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Ask Dr. Michael Salkin Your Own Question
Dr. Michael Salkin
Dr. Michael Salkin, Veterinarian
Category: Dog Veterinary
Satisfied Customers: 23827
Experience:  University of California at Davis graduate veterinarian with 44 years of experience
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13 Y.O. Cavalier King Charles, recently diagnosed with Kidney

Customer Question

13 Y.O. Cavalier King Charles, recently diagnosed with Kidney Failure, started on an ACE Inhibitor and renal diet. New symptom, obsessively licks the floor. He is otherwise happy and remarkably healthy for his age. The licking started about the time he was diagnosed. He seems to be unable to stop, Ive tried distraction, treats, toys, and the only thing that works for sure is to put his lead on and make him sit next to me, if he goes to lick, I pull his head up. eventually he stops.
JA: I'm sorry to hear that. What is the dog's name and age?
Customer: I have an appointment with the Vet tomorrow. Duncan is 13 or 14, he is a rescue, so not positive.
JA: Anything else I can tell the Veterinarian before I connect you two?
Customer: I think that is it
JA: I'm sending you to a secure page on JustAnswer so you can place the $5 fully refundable deposit now. While you're filling out that form, I'll tell the Veterinarian about your situation and connect you two.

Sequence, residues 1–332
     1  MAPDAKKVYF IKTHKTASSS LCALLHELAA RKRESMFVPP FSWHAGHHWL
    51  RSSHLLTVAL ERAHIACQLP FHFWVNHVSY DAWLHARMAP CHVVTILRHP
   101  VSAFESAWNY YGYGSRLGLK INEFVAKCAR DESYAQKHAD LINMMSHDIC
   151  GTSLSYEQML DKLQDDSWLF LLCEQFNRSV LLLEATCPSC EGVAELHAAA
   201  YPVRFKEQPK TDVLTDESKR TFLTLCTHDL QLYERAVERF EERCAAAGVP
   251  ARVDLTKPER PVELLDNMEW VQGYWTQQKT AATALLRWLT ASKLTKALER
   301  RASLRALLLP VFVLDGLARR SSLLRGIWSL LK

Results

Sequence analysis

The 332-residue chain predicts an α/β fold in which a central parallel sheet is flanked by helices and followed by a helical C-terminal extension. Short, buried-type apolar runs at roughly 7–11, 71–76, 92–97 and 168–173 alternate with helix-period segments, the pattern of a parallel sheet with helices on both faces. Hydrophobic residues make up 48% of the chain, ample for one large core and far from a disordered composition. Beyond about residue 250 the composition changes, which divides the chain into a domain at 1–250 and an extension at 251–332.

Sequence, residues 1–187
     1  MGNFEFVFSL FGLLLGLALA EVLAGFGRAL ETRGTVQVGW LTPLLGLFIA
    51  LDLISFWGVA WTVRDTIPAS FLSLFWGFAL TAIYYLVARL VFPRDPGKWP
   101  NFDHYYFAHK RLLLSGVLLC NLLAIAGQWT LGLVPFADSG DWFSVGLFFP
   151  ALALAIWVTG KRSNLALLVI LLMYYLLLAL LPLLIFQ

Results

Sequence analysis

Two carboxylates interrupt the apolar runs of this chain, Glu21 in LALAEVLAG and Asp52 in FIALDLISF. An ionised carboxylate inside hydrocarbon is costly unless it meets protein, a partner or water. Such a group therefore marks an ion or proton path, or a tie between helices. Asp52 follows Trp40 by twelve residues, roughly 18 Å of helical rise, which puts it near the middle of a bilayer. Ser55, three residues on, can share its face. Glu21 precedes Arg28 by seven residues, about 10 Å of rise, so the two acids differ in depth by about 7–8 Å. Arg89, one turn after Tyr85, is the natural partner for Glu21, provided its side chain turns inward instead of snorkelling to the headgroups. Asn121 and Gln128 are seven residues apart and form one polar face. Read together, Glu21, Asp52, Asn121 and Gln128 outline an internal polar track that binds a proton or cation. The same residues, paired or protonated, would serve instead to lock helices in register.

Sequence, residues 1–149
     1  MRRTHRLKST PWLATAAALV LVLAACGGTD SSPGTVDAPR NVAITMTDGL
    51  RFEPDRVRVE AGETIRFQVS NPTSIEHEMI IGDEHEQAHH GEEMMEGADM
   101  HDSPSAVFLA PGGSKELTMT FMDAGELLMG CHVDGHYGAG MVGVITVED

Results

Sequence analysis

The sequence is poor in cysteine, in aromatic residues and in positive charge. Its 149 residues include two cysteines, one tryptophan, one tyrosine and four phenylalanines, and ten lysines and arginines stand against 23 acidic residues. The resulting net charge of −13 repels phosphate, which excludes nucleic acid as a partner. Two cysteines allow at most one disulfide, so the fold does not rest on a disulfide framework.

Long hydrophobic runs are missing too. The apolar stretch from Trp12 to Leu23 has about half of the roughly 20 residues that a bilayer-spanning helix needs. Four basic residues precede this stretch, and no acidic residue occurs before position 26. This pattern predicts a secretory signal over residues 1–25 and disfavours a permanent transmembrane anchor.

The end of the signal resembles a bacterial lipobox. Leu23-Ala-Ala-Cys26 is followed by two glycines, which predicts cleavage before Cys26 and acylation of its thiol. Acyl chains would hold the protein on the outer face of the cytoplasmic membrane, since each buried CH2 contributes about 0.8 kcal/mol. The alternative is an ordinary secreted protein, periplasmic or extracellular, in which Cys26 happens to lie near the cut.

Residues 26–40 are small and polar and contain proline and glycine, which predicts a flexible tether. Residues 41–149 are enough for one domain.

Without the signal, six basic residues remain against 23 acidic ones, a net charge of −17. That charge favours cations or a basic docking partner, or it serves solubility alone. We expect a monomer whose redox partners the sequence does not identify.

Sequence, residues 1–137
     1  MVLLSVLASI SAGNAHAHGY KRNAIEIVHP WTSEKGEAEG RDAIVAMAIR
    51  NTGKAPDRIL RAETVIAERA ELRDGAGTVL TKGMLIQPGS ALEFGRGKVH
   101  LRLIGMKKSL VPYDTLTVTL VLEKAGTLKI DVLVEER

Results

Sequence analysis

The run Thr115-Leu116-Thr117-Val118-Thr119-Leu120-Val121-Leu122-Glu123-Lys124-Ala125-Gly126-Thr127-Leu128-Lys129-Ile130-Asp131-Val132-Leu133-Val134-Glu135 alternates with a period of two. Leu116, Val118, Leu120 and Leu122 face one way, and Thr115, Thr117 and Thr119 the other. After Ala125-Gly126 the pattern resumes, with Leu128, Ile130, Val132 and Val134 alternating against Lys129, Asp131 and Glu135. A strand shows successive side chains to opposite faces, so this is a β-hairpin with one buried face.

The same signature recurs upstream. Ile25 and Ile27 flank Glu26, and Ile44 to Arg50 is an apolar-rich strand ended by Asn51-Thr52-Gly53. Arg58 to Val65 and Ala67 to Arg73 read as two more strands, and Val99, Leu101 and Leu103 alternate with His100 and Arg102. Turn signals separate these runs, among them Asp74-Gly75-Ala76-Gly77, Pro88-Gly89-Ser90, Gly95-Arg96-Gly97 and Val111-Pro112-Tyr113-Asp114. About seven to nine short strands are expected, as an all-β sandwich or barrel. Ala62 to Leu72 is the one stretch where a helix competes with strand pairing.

Submitted: 6 months ago.
Category: Dog Veterinary
Expert:  Dr. Michael Salkin replied 6 months ago.
There are quite a few possible etiologies for Duncan's behavior. Gastrointestinal disorders, dental and oral disease, central nervous system disturbances such as brain tumors or hydrocephalus, electrolyte imbalances, metabolic diseases, and toxins such as lead can induce licking, sucking, chewing, and picas (ingestion of inanimate objects), licking of owners, and air licking. Picas may also be caused by excessive restriction of calories (i.e. weight loss diets) and any medical condition that could cause polyphagia (increased hunger). Similarly, numerous medical conditions from Cushing's disease to diabetes insipidus might induce polydipsia (increased thirst). Licking, chewing, polyphagia, polydipsia, and picas can also be a side effect of drug therapy. In geriatric pets, repetitive behaviors including licking, chewing, and picas might be associated with brain aging and cognitive dysfunction. Gastrointestinal irritation secondary to excessive uremic toxins in Duncan's bloodstream should be an important differential for his licking. Please note, too, that the adverse effect profile of the ACE inhibitors is principally GI distress and so we need to consider that he's experiencing an adverse drug reaction as well. I would see how an over the counter antacid such as famotidine (Pepcid) dosed at 0.25 mg/lb and repeated in 12 hour intervals affects Duncan. The antacid must might provide enough comfort to stop his excessive licking behavior.Please respond with further questions or concerns if you wish.

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